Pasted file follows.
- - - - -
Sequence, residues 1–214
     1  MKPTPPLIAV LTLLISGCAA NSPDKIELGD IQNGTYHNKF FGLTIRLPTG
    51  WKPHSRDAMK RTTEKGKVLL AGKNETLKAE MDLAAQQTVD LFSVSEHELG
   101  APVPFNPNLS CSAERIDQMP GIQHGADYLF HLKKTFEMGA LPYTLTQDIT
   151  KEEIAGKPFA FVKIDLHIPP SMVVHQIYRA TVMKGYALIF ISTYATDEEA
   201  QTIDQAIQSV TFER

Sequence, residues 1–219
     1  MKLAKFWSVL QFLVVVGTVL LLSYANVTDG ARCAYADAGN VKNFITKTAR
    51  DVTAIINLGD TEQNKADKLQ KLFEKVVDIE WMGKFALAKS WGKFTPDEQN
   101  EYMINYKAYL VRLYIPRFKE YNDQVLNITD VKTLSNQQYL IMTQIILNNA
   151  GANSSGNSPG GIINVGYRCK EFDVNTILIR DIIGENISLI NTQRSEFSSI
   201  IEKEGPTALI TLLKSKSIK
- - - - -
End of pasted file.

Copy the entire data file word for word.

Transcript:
Sequence, residues 1–214
     1  MKPTPPLIAV LTLLISGCAA NSPDKIELGD IQNGTYHNKF FGLTIRLPTG
    51  WKPHSRDAMK RTTEKGKVLL AGKNETLKAE MDLAAQQTVD LFSVSEHELG
   101  APVPFNPNLS CSAERIDQMP GIQHGADYLF HLKKTFEMGA LPYTLTQDIT
   151  KEEIAGKPFA FVKIDLHIPP SMVVHQIYRA TVMKGYALIF ISTYATDEEA
   201  QTIDQAIQSV TFER

Sequence, residues 1–219
     1  MKLAKFWSVL QFLVVVGTVL LLSYANVTDG ARCAYADAGN VKNFITKTAR
    51  DVTAIINLGD TEQNKADKLQ KLFEKVVDIE WMGKFALAKS WGKFTPDEQN
   101  EYMINYKAYL VRLYIPRFKE YNDQVLNITD VKTLSNQQYL IMTQIILNNA
   151  GANSSGNSPG GIINVGYRCK EFDVNTILIR DIIGENISLI NTQRSEFSSI
   201  IEKEGPTALI TLLKSKSIK